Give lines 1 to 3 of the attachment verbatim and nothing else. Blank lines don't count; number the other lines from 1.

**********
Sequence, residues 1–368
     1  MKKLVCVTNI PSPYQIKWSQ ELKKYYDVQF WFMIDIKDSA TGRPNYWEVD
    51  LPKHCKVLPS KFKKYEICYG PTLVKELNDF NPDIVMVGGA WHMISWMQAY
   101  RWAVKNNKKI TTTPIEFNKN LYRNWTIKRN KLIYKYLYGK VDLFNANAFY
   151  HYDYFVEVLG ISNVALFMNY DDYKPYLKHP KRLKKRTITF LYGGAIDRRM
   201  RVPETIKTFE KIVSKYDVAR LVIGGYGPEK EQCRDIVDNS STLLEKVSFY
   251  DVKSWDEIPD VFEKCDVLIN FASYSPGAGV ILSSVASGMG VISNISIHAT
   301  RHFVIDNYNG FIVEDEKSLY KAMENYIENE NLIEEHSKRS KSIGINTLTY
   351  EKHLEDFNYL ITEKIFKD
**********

Sequence, residues 1–368
     1  MKKLVCVTNI PSPYQIKWSQ ELKKYYDVQF WFMIDIKDSA TGRPNYWEVD
    51  LPKHCKVLPS KFKKYEICYG PTLVKELNDF NPDIVMVGGA WHMISWMQAY